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A Beginner's Guide to Content Marketing [INFOGRAPHIC]
Posted on June 17th 2013
Content marketing has changed the way consumers research and buy your products.
Every day, people form impressions of brands from many touch points: Ads, product experiences, tweets, Google, Facebook, blog posts, websites, and conversations with family and friends. Unless they are actively shopping for something, a lot of that information passes them by. But when something triggers their buying impulse, those stored impressions become critical — they are top of mind as consumers look to making purchases.
In the traditional sales funnel, consumers begin with a set of potential brands and methodically reduce them to make a purchase decision:
McKinsey points out that today’s consumer decision-making process is circular:
There are 4 key phases in which marketers can either succeed or fail when a consumer has been triggered to buy something:
- Initial consideration (thinking about known brands)
- Active evaluation (researching potential purchases)
- Closure (the act of buying)
- Post-purchase (when consumers experience the products they’ve bought)
The explosion of available products coupled with media fragmentation have led to a reduction in the number of brands that consumers initially consider. Faced with a seemingly limitless number of products and brand information, people tend to depend on brands that have broken through the fire hose of messages.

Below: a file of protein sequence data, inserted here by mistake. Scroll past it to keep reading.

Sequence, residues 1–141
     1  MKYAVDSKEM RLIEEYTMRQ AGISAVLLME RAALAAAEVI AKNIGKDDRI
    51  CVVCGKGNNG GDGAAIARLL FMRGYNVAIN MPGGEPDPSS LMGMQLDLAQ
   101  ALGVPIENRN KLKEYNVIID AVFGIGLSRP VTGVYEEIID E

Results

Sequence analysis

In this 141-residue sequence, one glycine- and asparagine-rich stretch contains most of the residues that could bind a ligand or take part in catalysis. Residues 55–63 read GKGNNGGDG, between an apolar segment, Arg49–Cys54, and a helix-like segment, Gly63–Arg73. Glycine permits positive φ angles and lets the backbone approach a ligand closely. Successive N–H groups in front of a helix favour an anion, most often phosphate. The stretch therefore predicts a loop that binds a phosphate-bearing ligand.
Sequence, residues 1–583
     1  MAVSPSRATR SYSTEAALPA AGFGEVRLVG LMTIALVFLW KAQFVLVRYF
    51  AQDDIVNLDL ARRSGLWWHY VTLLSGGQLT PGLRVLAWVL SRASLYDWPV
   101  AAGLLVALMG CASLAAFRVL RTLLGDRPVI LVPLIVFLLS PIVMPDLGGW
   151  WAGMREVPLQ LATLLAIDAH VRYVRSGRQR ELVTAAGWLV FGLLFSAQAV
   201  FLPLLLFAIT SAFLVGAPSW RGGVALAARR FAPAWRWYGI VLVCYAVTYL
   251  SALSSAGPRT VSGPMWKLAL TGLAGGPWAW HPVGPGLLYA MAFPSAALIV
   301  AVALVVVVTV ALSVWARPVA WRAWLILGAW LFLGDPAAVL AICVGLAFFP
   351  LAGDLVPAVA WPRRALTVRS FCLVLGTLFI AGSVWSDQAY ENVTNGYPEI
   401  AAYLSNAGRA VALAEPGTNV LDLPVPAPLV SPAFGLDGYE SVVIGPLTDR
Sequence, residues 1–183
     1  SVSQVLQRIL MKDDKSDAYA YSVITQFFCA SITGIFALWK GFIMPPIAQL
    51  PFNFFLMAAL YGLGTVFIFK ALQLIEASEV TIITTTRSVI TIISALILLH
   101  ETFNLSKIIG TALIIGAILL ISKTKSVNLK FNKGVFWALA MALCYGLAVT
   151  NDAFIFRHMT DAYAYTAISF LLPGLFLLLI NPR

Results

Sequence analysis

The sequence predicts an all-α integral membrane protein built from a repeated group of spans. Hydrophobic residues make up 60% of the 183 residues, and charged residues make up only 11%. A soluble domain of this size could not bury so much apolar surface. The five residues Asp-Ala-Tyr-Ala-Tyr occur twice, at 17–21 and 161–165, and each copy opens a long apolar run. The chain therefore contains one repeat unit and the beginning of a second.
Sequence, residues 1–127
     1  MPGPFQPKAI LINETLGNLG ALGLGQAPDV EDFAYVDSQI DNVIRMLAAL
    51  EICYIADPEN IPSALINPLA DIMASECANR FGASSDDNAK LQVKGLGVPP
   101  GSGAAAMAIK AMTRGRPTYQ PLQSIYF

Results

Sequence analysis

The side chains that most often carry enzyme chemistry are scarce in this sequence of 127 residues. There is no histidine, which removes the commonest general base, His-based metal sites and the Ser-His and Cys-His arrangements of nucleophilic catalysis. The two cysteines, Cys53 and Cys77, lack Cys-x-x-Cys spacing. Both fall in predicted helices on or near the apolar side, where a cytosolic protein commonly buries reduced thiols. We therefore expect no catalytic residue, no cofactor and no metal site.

When your brand is one of those initially considered by a buyer, it is up to 3 times more likely to be purchased. Your goal is to reach consumers at the moments that have the greatest influence on their purchase decisions. This is why content marketing is key.
What is content marketing?
Any form of marketing that relies on or draws from editorial content is considered content marketing. It has always existed, although what it’s called and the tactics around it have matured over time. Companies have long created white papers, articles, charts and graphs, videos, and reports to position their brands as thought leaders and industry experts deserving of loyalty, with the goal of generating leads and sales. It’s the delivery model that has changed — mailboxes used to be chock full of ads of every type, from sales circulars to envelopes full of coupons, while newspapers and magazines consistently ran ads for consumer products, clothing, attorneys — you name it. That content is now delivered digitally via search engines, email, social networks, and corporate websites.